It will be fascinating to see where Economic Regulation Authority chairman Lyndon Rowe takes his inquiry into micro-economic reform.
Mr Rowe has been given almost carte blanche by Treasurer Troy Buswell, who has asked the ERA to go beyond its narrow regulatory role and investigate broad reform opportunities.
His former employer, peak business group CCI, has signalled the wide opportunities in its submission to the ERA.
It calls for action on many fronts, including taxation, regulation, procurement, privatisation, project approvals, the energy market, waste management and land development.
The challenge for Mr Rowe will be deciding where he can make a difference.
He will no doubt be conscious of the experience of the Productivity Commission in Canberra.
It has produced numerous reports over the years, advocating sensible market-driven reforms.
In most cases, its reports spark interesting debate but fail to shift the policy dial, because the recommendations usually run up against vested interest groups.
Mr Rowe has previously outlined some of his personal ideas for policy reform.
Speaking at a Business News boardroom forum in2011, he mapped out an ambitious plan for energy sector reform.
"If I had my druthers I would split Verve and split Synergy and make two 'gentailers' and privatise them," Mr Rowe said.
"I would move towards full retail contestability, I would remove Verve and Synergy's current restrictions in 2016 and at the same time bring on full retail contestability."
However, he suspected this was an unlikely scenario.
"It is unlikely to happen. First, because privatisation appears to be off the agenda and, secondly, because there is a risk that any government that was interested in privatisation would want to get the highest price by selling a monopoly," Mr Rowe told the boardroom forum.
His reform hopes might have been lifted by new Energy Minister Mike Nahan, who has floated the possibility of creating two 'gentailers' – after the government works out how to re-merge specialist generator Verve and specialist retailer Synergy.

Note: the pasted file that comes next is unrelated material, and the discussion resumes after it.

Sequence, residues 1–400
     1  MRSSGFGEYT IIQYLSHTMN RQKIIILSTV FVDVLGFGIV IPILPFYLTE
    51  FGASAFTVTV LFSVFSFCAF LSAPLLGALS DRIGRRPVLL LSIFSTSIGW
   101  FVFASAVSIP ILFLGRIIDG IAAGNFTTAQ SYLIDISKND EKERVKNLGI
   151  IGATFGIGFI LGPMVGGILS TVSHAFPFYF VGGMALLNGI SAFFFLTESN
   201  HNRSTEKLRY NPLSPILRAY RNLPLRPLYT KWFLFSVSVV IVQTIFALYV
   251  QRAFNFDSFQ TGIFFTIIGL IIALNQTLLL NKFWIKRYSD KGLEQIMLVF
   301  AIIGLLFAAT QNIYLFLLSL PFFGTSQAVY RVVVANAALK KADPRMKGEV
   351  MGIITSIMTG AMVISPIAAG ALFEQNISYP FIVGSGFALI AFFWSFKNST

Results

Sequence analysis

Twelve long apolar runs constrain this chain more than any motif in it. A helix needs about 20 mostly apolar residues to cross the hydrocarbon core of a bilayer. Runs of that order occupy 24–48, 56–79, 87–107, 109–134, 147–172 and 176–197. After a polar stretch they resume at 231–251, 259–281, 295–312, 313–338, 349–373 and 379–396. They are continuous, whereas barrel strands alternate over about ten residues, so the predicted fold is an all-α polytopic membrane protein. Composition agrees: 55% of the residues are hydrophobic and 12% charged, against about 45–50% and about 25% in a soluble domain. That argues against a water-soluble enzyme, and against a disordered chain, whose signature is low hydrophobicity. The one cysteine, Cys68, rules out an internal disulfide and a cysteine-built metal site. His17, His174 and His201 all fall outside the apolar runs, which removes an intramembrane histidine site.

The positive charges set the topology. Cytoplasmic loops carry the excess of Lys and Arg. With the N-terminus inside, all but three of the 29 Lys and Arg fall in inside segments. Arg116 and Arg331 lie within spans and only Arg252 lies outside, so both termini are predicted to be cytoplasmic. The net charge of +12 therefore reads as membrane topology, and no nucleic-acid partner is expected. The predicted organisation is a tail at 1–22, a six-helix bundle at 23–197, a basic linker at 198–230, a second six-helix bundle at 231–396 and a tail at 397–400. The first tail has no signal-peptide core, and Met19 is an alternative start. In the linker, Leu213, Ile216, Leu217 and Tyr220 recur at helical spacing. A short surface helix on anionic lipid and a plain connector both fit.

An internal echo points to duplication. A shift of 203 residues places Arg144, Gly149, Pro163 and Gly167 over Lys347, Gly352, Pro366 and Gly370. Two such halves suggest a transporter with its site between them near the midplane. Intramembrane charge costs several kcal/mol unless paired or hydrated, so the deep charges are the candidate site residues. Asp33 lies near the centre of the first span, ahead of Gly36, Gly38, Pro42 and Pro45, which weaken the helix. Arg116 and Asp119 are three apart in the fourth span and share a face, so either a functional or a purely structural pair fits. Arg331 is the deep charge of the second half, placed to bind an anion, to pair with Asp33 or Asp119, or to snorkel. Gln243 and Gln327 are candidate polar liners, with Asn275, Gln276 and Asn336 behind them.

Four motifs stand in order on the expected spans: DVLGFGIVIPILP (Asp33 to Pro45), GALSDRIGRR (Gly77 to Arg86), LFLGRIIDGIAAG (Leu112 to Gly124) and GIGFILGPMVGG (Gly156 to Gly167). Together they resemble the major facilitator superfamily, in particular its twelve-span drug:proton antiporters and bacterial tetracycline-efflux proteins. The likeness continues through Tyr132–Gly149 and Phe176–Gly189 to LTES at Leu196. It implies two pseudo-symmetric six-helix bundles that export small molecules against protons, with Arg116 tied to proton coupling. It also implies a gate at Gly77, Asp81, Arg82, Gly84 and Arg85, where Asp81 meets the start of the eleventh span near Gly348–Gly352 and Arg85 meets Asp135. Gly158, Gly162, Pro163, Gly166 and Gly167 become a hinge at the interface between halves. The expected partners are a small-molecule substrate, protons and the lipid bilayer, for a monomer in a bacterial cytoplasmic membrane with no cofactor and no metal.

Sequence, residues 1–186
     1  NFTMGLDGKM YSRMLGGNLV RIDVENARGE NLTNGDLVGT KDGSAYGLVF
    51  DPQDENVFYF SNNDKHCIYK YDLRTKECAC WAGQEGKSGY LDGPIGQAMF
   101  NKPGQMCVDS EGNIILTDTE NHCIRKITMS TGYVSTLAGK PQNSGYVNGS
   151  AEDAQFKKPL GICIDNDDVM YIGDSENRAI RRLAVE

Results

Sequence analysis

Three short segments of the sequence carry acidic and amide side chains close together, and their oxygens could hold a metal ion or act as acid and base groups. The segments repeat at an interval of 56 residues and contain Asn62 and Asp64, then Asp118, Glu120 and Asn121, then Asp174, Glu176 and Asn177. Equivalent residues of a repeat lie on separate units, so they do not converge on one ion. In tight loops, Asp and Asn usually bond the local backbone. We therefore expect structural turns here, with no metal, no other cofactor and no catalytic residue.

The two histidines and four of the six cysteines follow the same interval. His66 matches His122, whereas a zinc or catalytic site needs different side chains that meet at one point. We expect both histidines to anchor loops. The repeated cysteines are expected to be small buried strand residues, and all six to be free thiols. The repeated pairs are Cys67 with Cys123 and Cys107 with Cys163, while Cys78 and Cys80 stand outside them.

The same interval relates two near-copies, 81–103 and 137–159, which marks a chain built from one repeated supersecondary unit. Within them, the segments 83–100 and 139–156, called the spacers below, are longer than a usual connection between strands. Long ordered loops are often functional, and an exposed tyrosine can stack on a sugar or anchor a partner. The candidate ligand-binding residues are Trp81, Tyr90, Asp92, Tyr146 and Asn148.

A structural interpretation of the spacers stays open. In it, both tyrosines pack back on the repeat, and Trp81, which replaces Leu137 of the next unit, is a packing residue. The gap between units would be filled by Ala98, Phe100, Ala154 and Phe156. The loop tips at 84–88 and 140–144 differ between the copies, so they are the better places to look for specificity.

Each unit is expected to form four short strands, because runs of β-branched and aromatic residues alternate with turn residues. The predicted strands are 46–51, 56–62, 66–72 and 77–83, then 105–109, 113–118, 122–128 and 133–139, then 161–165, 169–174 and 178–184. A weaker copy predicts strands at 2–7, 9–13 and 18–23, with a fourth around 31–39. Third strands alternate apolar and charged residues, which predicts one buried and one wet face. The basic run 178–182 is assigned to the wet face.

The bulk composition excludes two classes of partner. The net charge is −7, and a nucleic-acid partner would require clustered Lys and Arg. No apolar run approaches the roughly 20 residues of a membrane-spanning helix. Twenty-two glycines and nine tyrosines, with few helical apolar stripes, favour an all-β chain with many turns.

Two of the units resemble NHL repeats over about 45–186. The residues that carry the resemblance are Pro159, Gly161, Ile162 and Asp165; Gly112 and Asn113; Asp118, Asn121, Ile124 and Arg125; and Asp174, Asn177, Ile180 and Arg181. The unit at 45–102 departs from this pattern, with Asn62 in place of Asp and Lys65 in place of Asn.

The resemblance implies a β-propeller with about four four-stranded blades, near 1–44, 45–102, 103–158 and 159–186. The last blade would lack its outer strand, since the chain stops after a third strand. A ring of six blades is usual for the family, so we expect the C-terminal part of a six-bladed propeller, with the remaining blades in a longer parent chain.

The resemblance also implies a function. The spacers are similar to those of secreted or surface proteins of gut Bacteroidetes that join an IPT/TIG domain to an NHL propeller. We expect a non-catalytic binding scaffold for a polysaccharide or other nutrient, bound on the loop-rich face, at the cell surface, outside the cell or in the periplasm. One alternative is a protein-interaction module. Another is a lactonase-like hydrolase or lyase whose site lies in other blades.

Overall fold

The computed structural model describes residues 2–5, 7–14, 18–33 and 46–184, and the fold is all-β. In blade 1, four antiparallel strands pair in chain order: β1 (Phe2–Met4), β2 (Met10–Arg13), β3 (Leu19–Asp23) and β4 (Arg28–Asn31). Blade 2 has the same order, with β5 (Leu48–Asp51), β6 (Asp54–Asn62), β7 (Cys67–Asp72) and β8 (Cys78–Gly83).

Mr Nahan also floated the idea of partial privatisation, down the track.
If that ever does happen, it will be after the next state election, when premier Colin Barnett has retired to his hobby farm.
"There is no plan to merge and then de-merge and privatise utilities," Mr Barnett told parliament last week.
"I do not know what the minister's comments were ... but I would imagine he was perhaps looking into the very long-term future of what the energy structure might be in Western Australia."
If anything, Mr Barnett sees a re-merged energy utility as almost another policy lever for government.
If Mr Rowe decides energy reform will not be a fruitful field, there is no shortage of other areas he can tackle.
CCI's submission contained 35 recommendations for reform – all designed to help reduce business costs and promote more efficient and competitive markets.
The loss of the state's AAA credit rating adds yet another reason for pursuing reforms like a functional review of government.
This would seek to ensure the right government agencies are pursuing appropriate policy objectives.
Another option is evaluating more private sector and not-for-profit service delivery – not because these options are necessarily cheaper or more efficient but because they provide a benchmark against which traditional service delivery can be evaluated.
Another area that should be under constant scrutiny is the efficacy of government regulation.
Think retail trading, the taxi industry, liquor licensing, and intrastate aviation services as prime examples.
The opportunities are boundless, for any government brave enough to take it on.
The again, what's the point of holding the reins of power if they aren't used?